The clinical utility and validity of the cervical flexion-rotation test in the diagnosis and management of cervicogenic headache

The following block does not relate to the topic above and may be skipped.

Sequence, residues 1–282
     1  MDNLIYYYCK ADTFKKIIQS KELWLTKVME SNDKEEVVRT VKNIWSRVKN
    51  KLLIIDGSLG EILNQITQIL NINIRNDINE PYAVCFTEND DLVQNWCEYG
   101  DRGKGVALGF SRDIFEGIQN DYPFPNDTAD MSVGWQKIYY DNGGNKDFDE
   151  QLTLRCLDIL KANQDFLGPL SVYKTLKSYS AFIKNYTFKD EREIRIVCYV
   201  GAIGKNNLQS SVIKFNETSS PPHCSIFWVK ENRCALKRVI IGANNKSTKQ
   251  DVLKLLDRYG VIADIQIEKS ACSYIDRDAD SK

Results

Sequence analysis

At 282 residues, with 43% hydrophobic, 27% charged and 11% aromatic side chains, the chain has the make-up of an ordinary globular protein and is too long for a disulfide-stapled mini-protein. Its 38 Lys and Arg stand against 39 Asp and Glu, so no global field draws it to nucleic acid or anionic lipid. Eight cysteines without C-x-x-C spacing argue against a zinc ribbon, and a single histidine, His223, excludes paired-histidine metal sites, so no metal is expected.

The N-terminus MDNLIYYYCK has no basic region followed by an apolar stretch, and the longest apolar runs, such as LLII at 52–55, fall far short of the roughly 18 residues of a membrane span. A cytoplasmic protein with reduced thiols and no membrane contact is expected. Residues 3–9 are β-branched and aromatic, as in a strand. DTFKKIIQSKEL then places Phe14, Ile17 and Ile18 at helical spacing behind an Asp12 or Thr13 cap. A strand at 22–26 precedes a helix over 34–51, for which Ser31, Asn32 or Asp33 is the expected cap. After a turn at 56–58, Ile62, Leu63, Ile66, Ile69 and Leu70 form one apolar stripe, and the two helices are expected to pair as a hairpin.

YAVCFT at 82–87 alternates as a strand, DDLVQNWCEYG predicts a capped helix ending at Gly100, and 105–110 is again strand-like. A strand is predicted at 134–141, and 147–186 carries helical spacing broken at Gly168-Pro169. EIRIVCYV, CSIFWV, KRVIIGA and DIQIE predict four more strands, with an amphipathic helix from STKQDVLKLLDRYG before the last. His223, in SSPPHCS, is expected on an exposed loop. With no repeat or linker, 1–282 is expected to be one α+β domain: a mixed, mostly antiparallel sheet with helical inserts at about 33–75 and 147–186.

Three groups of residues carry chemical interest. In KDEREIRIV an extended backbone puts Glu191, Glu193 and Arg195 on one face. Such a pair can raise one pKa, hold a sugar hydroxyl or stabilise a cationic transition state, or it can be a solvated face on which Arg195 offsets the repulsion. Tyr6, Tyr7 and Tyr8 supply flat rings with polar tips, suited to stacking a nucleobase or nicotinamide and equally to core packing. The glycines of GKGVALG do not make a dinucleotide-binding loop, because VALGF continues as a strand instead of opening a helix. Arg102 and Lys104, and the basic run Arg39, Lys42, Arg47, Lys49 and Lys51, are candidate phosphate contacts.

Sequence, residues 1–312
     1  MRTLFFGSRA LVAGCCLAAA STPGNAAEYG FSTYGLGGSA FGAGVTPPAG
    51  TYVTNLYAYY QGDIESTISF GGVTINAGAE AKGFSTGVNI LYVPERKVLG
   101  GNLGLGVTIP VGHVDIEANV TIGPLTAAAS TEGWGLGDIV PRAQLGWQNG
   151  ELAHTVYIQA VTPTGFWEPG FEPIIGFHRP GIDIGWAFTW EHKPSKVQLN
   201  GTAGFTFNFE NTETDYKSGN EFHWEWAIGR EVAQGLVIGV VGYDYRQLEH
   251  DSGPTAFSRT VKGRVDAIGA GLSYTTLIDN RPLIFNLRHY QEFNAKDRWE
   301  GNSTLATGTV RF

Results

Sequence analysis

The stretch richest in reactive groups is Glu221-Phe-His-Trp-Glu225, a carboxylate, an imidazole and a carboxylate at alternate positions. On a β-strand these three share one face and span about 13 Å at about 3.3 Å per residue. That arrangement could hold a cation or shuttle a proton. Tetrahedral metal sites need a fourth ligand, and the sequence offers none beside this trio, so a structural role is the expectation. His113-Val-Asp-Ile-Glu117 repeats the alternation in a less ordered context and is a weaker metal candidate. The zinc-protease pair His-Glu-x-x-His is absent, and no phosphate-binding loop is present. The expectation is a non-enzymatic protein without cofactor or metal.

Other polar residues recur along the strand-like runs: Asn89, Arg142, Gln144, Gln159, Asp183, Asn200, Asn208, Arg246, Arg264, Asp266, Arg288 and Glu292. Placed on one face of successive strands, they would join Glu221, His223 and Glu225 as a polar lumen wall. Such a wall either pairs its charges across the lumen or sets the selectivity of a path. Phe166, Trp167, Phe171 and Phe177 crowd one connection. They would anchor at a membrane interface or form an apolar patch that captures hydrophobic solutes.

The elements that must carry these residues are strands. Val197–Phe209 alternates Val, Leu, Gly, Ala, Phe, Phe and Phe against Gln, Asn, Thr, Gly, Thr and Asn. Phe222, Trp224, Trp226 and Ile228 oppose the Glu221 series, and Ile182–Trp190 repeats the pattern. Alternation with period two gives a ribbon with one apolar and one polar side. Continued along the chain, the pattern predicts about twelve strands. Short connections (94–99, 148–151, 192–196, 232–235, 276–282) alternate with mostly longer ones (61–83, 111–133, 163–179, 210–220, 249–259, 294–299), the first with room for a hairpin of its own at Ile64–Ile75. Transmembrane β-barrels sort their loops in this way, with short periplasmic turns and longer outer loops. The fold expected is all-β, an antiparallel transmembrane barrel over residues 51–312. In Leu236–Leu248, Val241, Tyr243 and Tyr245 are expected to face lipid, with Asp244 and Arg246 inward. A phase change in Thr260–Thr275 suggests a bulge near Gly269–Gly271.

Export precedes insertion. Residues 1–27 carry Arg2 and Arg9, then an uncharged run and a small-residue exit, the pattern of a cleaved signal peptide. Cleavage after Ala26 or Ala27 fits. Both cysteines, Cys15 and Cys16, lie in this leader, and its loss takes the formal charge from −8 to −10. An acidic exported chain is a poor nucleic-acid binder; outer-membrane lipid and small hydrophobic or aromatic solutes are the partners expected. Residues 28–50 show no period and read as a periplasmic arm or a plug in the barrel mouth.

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Headache is a common complaint with increasing prevalence in the third decade. Because it is so common, headache gives rise to substantial financial costs to society. In addition headache burdens both the health care system and the family.Headache is a symptom arising from a range of different disorders. Consequently, classification of headache is important, as a successful outcome is only likely if intervention is targeted to the underlying cause. For example cervicogenic headache (CGH) appears to be uniquely amenable to physical intervention.Differential diagnosis of migraine and CGH is a common clinical challenge made difficult by symptom overlap and the presence of multiple headache forms (MHF). Consequently incorrect headache diagnosis is common. In individuals with headache symptom overlap, classification of CGH is based on physical examination. Cervical movement impairment is reported to be an important factor in CGH diagnosis. The flexion-rotation test (FRT) is an easily applied form of movement analysis, the aim of which is to identify C1/2 segment movement impairment.The general aim of this doctoral research was to analyze the clinical effectiveness of the FRT in CGH diagnosis. The FRT was evaluated in a series of six studies, which will be presented in sequence and grouped in Parts A, B, and C.Part A consisted of two studies. The first was designed to investigate the long-term stability and reliability of FRT measurements over time. Twenty-five subjects, 15 with CGH, were assessed using the FRT on 4 occasions spread over two-weeks. For subjects with CGH there was no significant change in FRT range of motion over days. Reliability was excellent and minimal detectable change was at most seven degrees.The second study in Part A was designed to investigate the diagnostic accuracy of the FRT. Sixty subjects with headache (20 with CGH, 20 with migraine and 20 with MHF) were evaluated using the FRT. The results demonstrate significantly greater deficits in range of motion in CGH. Based on the FRT, an experienced examiner was able to make the correct diagnosis of CGH 85% of the time. The cut-off value for a positive FRT was 30°.Part B consisted of two further studies designed to determine the validity of the FRT as a test of cervical movement impairment at, and pain arising from, the C1/2 segment. The aim of the first study was to measure rotation from the occiput to the C4 vertebra with the neck in neutral position and in flexion using Magnetic Resonance Imaging. Nineteen asymptomatic subjects were evaluated. There was a significant difference in the pattern of cervical segmental rotation between axial rotation and the FRT. At the C0/1 segment, there was negligible range recorded in either position. In contrast, the most mobile segment was C1/2, providing the majority of rotation during the FRT.The aim of the second study, in Part B, was to investigate the impact of lower cervical joint pain on the FRT. Twenty-four subjects were evaluated, 12 with CGH and 12 with lower cervical joint pain. A single examiner conducted the FRT. Subjects with lower cervical joint pain were evaluated using the FRT prior to therapeutic cervical spine block procedure and were excluded if they did not gain complete pain relief following that procedure. Range of rotation during the FRT was significantly less in the CGH group. Sensitivity and specificity for CGH diagnosis was 75% and 92% respectively. The cut-off value for a positive FRT was 32°.Part C consisted of two final studies designed to determine the clinical utility of the FRT in CGH evaluation. The aim of the first study was to investigate the reliability of manual examination and the frequency that segments above the C4 vertebra were the dominant source of symptoms in CGH. Eighty subjects were evaluated, 60 with CGH, and 20 who were asymptomatic. Two examiners evaluated each subject with standard manual examination procedures. Each examiner independently rated each segment for pain and dysfunction. The C1/2 segment was found to be the most commonly agreed dominant source of symptoms, with positive findings at this level in 63% of cases. Other segments were less frequently dominant.The aim of the second study in Part C, was to investigate the association between the presence and severity of CGH symptoms and the impairment in range of motion measured during the FRT. Ninety-two subjects were evaluated, 72 with CGH and an additional 20 asymptomatic subjects. A single experienced examiner conducted the FRT. Range of motion was significantly reduced by 6˚ in the presence of headache at the time of testing. Furthermore, half the variance in FRT range of motion was explained by an index of headache severity, or component parts.This series of studies has highlighted the central role that the FRT should play in the diagnosis of CGH. CGH principally arises from dysfunction of the C1/2 segment, although usually more than one segment is involved. Determining dysfunction at the C1/2 segment can be reliably achieved by using the FRT as well as manual examination procedures. The FRT, in contrast to manual examination, is an easily applied clinical test that is reliable, when used by experienced or inexperienced examiners. Measurement and interpretation of the FRT is stable over time. Range recorded during the FRT is related to the severity of headache symptoms. The presence of pain arising from segments other than C1/2 does not influence interpretation of the FRT. Finally, the similarity of headache characteristics but difference in cervical spine range of motion deficits (specifically the FRT) between those with migraine and those with CGH highlights the importance of the FRT in headache evaluation.
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